Davio Larnout


Starting a Data Science team? We’ve got some lessons learnt to share with you.

We have been helping a number of corporate companies to kickstart their Data Science and Machine Learning activities and team. These are our lessons learnt.

Our customers asked us to help them with identifying the right technologies, setting up initial Proof-of-Concepts, assembling a team and designing their overall data strategy and architecture.

The initial requirements are usually similar:

  1. a roadmap of projects,
  2. a Data Science platform,
  3. a Data Science team, and
  4. an initial set of Proof-of-Concepts.

However, we’ve observed (completely) different strategies to get Data Science embedded in their organisation.

It ranges from total centralization and isolation from their business to absolute decentralization and diffusion with business.

This is what we’ve learnt:

1. Neither full centralization, or decentralization work:

  1. A centralised approach works to achieve results quickly, but we noticed that business engagement could have been better.
  2. A decentralised strategy by first talking to the different stakeholders and business lines to get them on board as drivers. In the long run this creates support, but it takes time and can create redundancy.

We think you need a combination of both. Centralization for executing the projects and sharing Data Science knowledge and decentralization for a short connection towards business.

It is essential that business understands what the Data Science team is doing and vice versa. For example by embedding data scientists directly into product teams while still requiring them to report to a common director of data science.

2. Put your cleaned data on the Data Science platform use case by use case:

The danger of migrating all your data to a new platform before having clear use cases is that your budget drains out before you’ve created any added value.

To ensure business and management buy-in and avoid burning money on the wrong things, you need to migrate one use case at a time.

3. Before scaling your Data Science team, have a validated roadmap, management buy-in and an initial Proof-of-Concept or prototype.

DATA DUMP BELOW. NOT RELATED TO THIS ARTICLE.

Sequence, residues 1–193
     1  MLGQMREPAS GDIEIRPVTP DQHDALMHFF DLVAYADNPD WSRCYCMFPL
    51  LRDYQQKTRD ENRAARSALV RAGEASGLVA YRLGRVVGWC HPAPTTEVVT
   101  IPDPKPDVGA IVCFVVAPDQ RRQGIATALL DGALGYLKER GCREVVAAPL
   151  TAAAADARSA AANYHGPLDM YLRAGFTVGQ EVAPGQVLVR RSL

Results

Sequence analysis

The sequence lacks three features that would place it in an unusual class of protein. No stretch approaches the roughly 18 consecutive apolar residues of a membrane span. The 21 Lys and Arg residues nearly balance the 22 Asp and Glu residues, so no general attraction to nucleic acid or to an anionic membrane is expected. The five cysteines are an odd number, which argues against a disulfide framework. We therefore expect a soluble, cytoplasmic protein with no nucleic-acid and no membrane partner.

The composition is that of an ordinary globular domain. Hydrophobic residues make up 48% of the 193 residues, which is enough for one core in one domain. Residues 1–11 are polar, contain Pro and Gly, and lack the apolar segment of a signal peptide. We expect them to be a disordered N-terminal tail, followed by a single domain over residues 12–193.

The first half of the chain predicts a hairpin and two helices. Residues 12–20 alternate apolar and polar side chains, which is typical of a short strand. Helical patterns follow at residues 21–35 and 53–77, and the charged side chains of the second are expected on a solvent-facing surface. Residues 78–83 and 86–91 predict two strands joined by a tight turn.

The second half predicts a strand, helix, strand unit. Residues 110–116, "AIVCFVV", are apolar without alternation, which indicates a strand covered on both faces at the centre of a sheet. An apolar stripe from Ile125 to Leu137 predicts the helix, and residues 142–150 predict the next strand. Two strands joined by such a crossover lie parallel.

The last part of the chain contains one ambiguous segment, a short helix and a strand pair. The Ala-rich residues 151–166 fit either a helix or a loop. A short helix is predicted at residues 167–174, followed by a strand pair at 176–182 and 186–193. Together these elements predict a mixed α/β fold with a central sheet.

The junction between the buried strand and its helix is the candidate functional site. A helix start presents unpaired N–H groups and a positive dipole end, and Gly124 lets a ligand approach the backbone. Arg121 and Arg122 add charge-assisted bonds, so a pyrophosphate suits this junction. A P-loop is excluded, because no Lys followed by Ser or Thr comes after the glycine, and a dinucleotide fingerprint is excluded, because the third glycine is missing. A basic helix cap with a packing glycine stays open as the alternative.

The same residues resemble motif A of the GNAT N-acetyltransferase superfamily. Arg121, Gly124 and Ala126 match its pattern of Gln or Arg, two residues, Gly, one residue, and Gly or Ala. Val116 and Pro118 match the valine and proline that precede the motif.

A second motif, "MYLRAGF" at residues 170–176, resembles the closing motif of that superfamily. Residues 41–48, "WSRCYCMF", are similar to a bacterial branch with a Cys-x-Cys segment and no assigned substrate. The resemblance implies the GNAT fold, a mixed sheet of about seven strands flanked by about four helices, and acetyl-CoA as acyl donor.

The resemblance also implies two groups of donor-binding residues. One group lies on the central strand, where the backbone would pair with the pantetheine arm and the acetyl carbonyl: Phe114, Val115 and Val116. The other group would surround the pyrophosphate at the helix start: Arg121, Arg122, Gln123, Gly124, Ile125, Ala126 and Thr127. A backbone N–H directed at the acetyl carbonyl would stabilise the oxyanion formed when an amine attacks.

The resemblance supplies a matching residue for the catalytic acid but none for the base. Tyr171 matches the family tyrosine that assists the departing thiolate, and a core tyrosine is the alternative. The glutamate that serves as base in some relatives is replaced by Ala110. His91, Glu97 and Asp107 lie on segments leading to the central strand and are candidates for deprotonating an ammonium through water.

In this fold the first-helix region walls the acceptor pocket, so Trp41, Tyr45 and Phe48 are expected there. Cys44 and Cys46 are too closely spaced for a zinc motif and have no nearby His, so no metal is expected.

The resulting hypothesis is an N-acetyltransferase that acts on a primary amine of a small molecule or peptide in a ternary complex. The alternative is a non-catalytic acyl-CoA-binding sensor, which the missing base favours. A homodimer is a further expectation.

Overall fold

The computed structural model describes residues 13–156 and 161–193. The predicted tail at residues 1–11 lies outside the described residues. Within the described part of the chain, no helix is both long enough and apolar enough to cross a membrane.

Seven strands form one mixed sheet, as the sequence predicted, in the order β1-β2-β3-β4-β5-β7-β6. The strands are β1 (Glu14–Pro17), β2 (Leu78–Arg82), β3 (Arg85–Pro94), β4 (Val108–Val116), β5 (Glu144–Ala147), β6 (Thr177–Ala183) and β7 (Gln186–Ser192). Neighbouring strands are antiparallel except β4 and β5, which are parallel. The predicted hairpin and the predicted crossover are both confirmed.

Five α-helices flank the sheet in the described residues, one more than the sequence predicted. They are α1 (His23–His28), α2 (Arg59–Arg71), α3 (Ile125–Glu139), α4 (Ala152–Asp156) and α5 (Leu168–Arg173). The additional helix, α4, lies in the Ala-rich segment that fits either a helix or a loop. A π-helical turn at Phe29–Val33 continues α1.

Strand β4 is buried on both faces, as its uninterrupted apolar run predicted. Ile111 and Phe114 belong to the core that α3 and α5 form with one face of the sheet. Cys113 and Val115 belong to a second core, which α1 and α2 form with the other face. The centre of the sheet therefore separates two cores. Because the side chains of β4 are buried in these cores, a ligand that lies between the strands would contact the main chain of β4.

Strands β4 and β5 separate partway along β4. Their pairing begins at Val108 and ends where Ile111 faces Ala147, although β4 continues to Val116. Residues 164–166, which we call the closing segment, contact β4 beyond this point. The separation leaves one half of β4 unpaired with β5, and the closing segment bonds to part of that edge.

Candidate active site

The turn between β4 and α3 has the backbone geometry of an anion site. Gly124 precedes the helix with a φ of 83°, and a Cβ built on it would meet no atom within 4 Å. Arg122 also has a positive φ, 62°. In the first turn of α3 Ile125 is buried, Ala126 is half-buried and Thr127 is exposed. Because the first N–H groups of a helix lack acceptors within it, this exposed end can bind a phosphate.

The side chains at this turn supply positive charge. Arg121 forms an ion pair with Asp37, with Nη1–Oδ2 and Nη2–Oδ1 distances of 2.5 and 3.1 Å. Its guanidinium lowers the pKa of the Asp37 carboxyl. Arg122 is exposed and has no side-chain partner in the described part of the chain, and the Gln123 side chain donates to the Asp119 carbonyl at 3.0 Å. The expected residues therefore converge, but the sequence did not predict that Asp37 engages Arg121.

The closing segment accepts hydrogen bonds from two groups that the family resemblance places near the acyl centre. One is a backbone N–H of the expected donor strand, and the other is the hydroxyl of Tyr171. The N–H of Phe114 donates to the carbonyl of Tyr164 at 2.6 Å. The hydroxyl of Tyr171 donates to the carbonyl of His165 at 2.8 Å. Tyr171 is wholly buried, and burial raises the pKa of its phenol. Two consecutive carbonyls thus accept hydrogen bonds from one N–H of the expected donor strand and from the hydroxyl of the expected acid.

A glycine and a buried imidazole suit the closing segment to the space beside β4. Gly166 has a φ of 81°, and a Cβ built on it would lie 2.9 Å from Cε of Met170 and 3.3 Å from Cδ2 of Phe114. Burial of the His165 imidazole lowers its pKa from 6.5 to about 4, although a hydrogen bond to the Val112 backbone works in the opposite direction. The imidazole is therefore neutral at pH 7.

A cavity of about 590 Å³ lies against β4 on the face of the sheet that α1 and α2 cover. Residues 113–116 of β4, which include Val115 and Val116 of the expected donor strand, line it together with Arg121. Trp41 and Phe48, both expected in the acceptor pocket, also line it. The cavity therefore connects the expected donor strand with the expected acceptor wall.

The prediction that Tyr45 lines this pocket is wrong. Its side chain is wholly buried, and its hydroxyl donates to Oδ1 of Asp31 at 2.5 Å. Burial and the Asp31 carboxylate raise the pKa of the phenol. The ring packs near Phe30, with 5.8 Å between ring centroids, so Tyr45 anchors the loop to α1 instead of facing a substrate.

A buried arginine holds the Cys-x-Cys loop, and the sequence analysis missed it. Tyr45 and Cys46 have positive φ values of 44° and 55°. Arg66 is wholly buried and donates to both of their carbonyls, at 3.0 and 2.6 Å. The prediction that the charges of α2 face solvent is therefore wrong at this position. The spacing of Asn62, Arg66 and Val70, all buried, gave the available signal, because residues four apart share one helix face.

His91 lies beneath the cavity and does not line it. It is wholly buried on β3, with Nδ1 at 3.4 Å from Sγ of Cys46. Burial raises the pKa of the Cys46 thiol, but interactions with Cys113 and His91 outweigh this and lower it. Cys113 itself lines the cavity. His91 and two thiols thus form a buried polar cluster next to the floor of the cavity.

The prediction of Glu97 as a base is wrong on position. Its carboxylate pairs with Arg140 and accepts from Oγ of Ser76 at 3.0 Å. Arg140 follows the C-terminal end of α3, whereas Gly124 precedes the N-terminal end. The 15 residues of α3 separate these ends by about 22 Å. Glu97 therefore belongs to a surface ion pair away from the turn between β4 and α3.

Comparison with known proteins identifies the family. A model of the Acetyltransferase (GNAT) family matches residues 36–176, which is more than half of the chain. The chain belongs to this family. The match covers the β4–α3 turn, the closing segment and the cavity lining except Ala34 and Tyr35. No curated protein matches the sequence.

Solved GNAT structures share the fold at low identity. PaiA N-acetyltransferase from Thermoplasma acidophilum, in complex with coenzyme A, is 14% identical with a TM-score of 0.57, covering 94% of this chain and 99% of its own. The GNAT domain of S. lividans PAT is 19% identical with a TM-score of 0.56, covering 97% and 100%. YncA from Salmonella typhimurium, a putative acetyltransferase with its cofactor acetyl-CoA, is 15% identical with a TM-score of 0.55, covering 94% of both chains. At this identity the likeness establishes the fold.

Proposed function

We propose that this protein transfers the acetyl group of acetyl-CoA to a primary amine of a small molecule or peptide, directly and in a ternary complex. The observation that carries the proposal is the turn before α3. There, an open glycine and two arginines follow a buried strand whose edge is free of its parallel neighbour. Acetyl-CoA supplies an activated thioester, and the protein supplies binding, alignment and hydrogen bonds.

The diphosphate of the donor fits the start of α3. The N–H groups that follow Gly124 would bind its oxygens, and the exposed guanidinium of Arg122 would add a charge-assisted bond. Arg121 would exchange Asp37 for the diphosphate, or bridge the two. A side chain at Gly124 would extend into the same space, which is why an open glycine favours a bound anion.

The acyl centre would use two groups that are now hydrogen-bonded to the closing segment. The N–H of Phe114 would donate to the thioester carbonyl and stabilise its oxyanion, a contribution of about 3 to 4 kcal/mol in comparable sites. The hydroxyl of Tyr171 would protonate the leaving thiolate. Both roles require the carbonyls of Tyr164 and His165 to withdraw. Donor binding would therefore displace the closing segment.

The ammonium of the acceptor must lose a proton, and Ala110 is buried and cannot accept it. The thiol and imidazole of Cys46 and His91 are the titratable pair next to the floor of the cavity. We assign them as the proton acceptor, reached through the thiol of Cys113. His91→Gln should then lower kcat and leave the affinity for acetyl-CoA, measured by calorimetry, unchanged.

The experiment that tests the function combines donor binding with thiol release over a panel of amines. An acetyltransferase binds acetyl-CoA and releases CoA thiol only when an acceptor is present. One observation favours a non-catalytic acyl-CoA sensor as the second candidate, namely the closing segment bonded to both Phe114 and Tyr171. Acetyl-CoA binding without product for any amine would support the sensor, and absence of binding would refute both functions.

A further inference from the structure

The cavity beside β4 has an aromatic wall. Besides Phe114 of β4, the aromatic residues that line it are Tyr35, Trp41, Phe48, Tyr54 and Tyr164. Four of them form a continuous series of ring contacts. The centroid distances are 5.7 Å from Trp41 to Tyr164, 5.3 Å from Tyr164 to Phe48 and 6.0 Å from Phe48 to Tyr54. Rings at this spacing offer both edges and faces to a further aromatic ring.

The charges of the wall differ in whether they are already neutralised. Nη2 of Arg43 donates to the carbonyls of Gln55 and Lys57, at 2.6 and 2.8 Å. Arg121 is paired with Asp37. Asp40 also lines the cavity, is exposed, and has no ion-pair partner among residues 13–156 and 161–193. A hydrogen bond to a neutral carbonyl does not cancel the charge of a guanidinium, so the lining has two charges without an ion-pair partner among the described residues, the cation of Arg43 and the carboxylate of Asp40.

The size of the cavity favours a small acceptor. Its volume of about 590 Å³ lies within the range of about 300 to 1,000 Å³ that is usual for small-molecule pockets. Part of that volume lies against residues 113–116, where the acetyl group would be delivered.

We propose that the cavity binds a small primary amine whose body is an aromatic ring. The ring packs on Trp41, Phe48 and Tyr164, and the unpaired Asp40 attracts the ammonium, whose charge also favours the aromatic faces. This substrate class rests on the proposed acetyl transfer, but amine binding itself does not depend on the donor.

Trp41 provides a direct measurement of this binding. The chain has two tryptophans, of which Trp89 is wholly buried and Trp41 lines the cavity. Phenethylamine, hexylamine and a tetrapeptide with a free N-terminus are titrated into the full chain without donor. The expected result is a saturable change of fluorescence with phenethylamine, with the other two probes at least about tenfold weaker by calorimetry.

It’s tempting to start hiring and scaling your Data Science team, but as long as there are no real use cases they will lack focus and direction.

Making sure Data Science is supported throughout the organization is your first goal. For this you need experts that can translate your business into Data Science or Machine Learning solutions.

4. Get your data stakeholders involved and give them dedicated time: owners, suppliers and users.

Working on Data Science projects requires input from a lot of people. If they’re not properly involved there’s a risk that they become bottlenecks. This creates overhead and delays.

  1. Owners: they own the data source, but are not necessarily the end users. They can provide you an understanding of the data and the data model.
  2. Suppliers: the people who are literally going to supply the data. It’s key that they have dedicated time to supply the data. They are often over demanded and this is just another request on their pile.
  3. Users: the ones that are going to use the output. Whatever you build, it’s your end user that is going to tell you what.

5. Start from the data you have today for an initial Proof-of-Concept or prototype.

In every Data Science project data will be the hardest resource to make available. It will be locked away in some legacy systems, managed by overly questioned people.

6. Identify a roadmap with a series of workshops with business, having one specific use case as input.

Starting with a initial small use case as input makes that they can relate, understand the value and translate it to their situation.

We’ve seen that a basic understanding of the potential of Data Science is essential to have efficient workshops. Explaining Data Science with use cases that are hard to relate to, makes it more difficult.

7. Score on value vs. feasibility (both technically, data availability and politically).

The number of interesting Data Science projects is endless, but there’s an important trade-off between the feasibility and value.

When starting your Data Science activities it’s good to have a focus and some quick wins to convince everyone of the value. This requires to focus on the low hanging fruits.

8. Start with a prototype.

Before fully launching anything, start with a prototype that has the least amount of features to deliver the basic value proposition. This enables you to gather end user feedback and creates value from the start. Then continue to iterate and improve, both technically and qua features.

We’ve a number of companies launching a complex and feature-rich product, but lacking any end user feedback. Eventually they had to strip down to the basic value proposition and start from there.

Keep in mind, your solution will never be finished. The data, technology and business requirements will keep evolving.


Work use case per use case with the bigger picture in mind, involving business and data stakeholders from the start.